National coalition urges Biden to stop throwaway plastics that kill and injure marine life

plastics symbol In: National coalition urges Biden to stop throwaway plastics that kill and injure marine life | Our Santa Fe River, Inc. (OSFR) | Protecting the Santa Fe River

…Florida and its neighboring states find plastic trash in more dead and maimed marine animals – chiefly rare manatees and sea turtles — than any other region of the country. Recreational, monofilament fishing line is the top culprit, according to the date from the National Oceanic and Atmospheric Administration and the Florida Fish and Wildlife Conservation Commission.

Thanks to the Plastic Pollution Coalition for their work to address this extremely important and ever increasing danger.  Its an issue that must be faced sooner or later, just as our excessive groundwater pumping.

Read the complete article here in the Florida Phoenix.

Comments by OSFR historian Jim Tatum.
jim.tatum@oursantaferiver.org
– A river is like a life: once taken,
it cannot be brought back © Jim Tatum


 

National coalition urges Biden to stop throwaway plastics that kill and injure marine life

With plastics pollution rising and recycling in decline, a coalition of 551 environment and health groups called on President-Elect Joe Biden Tuesday to shut down production of throwaway plastics, from single-use water bottles to foam, take-out food containers.

In an eight-point “Presidential Plastic Action Plan” unveiled in an online conference Tuesday, the Plastic Pollution Coalition urged the incoming administration to stop expansion of plastic production facilities and make use of up-to-date science and technology to assess the safety of plastic products in the environment and for humans.

It also calls on Biden’s team to direct the federal government, one of the nation’s largest consumers of products, to stop buying single-use plastic items such as disposable water bottles, disposable shopping bags, plastic straws and polysterene foam containers, and to stop subsidizing producers of plastics. The coalition wants to promote widespread use of reusable and refillable containers, such as cloth shopping bags and durable water bottles.

“President Biden can use today’s plan as a blueprint,” said Julie Teel Simmonds, senior attorney with the Arizona-based Center for Biological Diversity, adding that Biden and his team have signaled support for the goals. “The petrochemical industry is not taking responsibility but instead is pushing a massive expansion.”The coalition, organized under the hashtag #PlasticFreePresident, includes several groups based in or with chapters in Florida, including the Center for Biological Diversity, Riverkeepers, and Surfrider Foundation.

“The problem is getting much worse very quickly,” said Oregon U.S. Sen. Jeff Merkley, sponsoring legislation to “Break Free From Plastics.” “Our planet cannot afford inaction.”

Only 8 percent of plastics are recycled, while the rest is burned in incinerators, buried in landfills, or is floating free in the world’s oceans, Merkley said.

Angela Howe, legal director of California-based Surfrider Foundation, said 11 million metric tons of plastic waste reach the oceans every year and do not decay there.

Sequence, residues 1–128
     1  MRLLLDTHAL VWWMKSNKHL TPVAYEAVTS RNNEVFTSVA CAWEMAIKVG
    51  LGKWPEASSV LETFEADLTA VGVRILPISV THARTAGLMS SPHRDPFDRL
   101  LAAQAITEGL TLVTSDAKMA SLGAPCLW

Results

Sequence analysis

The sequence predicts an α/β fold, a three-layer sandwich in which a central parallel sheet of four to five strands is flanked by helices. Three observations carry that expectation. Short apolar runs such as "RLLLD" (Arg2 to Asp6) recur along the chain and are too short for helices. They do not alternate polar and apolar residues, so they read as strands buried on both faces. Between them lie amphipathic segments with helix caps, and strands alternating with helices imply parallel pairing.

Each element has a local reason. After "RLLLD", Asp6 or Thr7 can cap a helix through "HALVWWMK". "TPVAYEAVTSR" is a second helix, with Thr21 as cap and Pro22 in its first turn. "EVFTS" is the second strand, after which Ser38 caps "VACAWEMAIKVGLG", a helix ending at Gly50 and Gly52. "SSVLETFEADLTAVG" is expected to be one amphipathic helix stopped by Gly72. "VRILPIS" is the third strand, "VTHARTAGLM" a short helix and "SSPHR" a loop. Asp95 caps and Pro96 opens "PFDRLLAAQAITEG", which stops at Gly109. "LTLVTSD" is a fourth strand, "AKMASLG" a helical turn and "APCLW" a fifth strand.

Another 12.6 million kilograms of plastic trash is exported to Malaysia, said environmental engineer Jan Dell, founder of Last Beach Cleanup based in California. Each American generates n average about 216 pounds of plastic waste each year, Dell added.

Sharon LeVigne of Louisiana and Dianne Wilson of Texas said plastics plants pollute the air and water of neighboring poor, minority communities in which they typically are built, and the pollution sickens residents, they said.

Pete Myers, adjunct professor at Carnegie Mellon University and founder/chief scientist of Environmental Health News, said most plastics have not been adequately tested for long-term effects on human health, while some contain ingredients found to disrupt male hormones and decrease sperm count.

Florida, with 1,350 miles of coastlines along the Gulf of Mexico and the Atlantic Ocean, could play a big role in one of the recommendations: to reduce the amount of plastic fishing line and other plastic fishing waste that resides in nearshore waters and often chokes or ensnares marine animals and sea birds.

According to an analysis by Oceana, an ocean-advocacy group, Florida and its neighboring states find plastic trash in more dead and maimed marine animals – chiefly rare manatees and sea turtles — than any other region of the country. Recreational, monofilament fishing line is the top culprit, according to the date from the National Oceanic and Atmospheric Administration and the Florida Fish and Wildlife Conservation Commission….

 

Laura Cassels

Veteran journalist Laura Cassels is a reporter, former statehouse bureau chief, and former city editor. She is a classical pianist, has a home in Tallahassee and has a farm in South Georgia, where her extended family grows blueberries, grapes and pecans. She is a Florida State University graduate and proud alum of the Florida Flambeau, an

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